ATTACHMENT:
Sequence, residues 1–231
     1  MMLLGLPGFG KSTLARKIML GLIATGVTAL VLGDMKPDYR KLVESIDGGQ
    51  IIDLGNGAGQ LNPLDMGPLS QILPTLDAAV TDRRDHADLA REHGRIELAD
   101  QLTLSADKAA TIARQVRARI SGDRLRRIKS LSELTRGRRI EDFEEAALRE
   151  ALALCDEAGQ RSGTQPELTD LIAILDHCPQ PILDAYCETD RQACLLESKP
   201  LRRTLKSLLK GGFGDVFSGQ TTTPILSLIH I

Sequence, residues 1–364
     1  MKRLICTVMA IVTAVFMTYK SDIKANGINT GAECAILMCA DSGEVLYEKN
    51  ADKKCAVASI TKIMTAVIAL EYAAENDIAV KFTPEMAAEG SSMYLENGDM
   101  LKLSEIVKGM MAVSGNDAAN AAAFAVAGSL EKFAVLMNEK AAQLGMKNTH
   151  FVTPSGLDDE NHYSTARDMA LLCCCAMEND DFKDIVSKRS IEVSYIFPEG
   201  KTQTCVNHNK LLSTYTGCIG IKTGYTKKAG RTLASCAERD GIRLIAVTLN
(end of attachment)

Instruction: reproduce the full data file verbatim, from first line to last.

Sequence, residues 1–231
     1  MMLLGLPGFG KSTLARKIML GLIATGVTAL VLGDMKPDYR KLVESIDGGQ
    51  IIDLGNGAGQ LNPLDMGPLS QILPTLDAAV TDRRDHADLA REHGRIELAD
   101  QLTLSADKAA TIARQVRARI SGDRLRRIKS LSELTRGRRI EDFEEAALRE
   151  ALALCDEAGQ RSGTQPELTD LIAILDHCPQ PILDAYCETD RQACLLESKP
   201  LRRTLKSLLK GGFGDVFSGQ TTTPILSLIH I

Sequence, residues 1–364
     1  MKRLICTVMA IVTAVFMTYK SDIKANGINT GAECAILMCA DSGEVLYEKN
    51  ADKKCAVASI TKIMTAVIAL EYAAENDIAV KFTPEMAAEG SSMYLENGDM
   101  LKLSEIVKGM MAVSGNDAAN AAAFAVAGSL EKFAVLMNEK AAQLGMKNTH
   151  FVTPSGLDDE NHYSTARDMA LLCCCAMEND DFKDIVSKRS IEVSYIFPEG
   201  KTQTCVNHNK LLSTYTGCIG IKTGYTKKAG RTLASCAERD GIRLIAVTLN